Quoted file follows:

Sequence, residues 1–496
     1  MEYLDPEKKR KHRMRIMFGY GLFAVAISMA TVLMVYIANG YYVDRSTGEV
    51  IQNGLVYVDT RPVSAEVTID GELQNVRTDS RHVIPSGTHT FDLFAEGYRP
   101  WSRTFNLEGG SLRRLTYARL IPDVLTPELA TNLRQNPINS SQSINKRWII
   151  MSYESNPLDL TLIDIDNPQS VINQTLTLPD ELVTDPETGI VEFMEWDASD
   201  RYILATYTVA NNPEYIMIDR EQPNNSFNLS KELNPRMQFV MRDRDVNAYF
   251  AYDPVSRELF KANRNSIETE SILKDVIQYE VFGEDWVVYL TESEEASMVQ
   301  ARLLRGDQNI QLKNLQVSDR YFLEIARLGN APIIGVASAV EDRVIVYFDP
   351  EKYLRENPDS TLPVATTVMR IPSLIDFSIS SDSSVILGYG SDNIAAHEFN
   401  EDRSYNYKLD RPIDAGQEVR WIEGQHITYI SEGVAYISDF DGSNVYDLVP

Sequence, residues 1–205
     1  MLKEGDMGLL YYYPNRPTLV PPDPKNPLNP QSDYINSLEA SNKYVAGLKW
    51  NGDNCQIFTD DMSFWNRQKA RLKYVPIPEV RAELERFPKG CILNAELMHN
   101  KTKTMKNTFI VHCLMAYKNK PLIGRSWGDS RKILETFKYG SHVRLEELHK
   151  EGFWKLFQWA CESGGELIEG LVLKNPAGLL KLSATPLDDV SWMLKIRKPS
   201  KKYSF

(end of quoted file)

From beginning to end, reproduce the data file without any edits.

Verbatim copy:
Sequence, residues 1–496
     1  MEYLDPEKKR KHRMRIMFGY GLFAVAISMA TVLMVYIANG YYVDRSTGEV
    51  IQNGLVYVDT RPVSAEVTID GELQNVRTDS RHVIPSGTHT FDLFAEGYRP
   101  WSRTFNLEGG SLRRLTYARL IPDVLTPELA TNLRQNPINS SQSINKRWII
   151  MSYESNPLDL TLIDIDNPQS VINQTLTLPD ELVTDPETGI VEFMEWDASD
   201  RYILATYTVA NNPEYIMIDR EQPNNSFNLS KELNPRMQFV MRDRDVNAYF
   251  AYDPVSRELF KANRNSIETE SILKDVIQYE VFGEDWVVYL TESEEASMVQ
   301  ARLLRGDQNI QLKNLQVSDR YFLEIARLGN APIIGVASAV EDRVIVYFDP
   351  EKYLRENPDS TLPVATTVMR IPSLIDFSIS SDSSVILGYG SDNIAAHEFN
   401  EDRSYNYKLD RPIDAGQEVR WIEGQHITYI SEGVAYISDF DGSNVYDLVP

Sequence, residues 1–205
     1  MLKEGDMGLL YYYPNRPTLV PPDPKNPLNP QSDYINSLEA SNKYVAGLKW
    51  NGDNCQIFTD DMSFWNRQKA RLKYVPIPEV RAELERFPKG CILNAELMHN
   101  KTKTMKNTFI VHCLMAYKNK PLIGRSWGDS RKILETFKYG SHVRLEELHK
   151  EGFWKLFQWA CESGGELIEG LVLKNPAGLL KLSATPLDDV SWMLKIRKPS
   201  KKYSF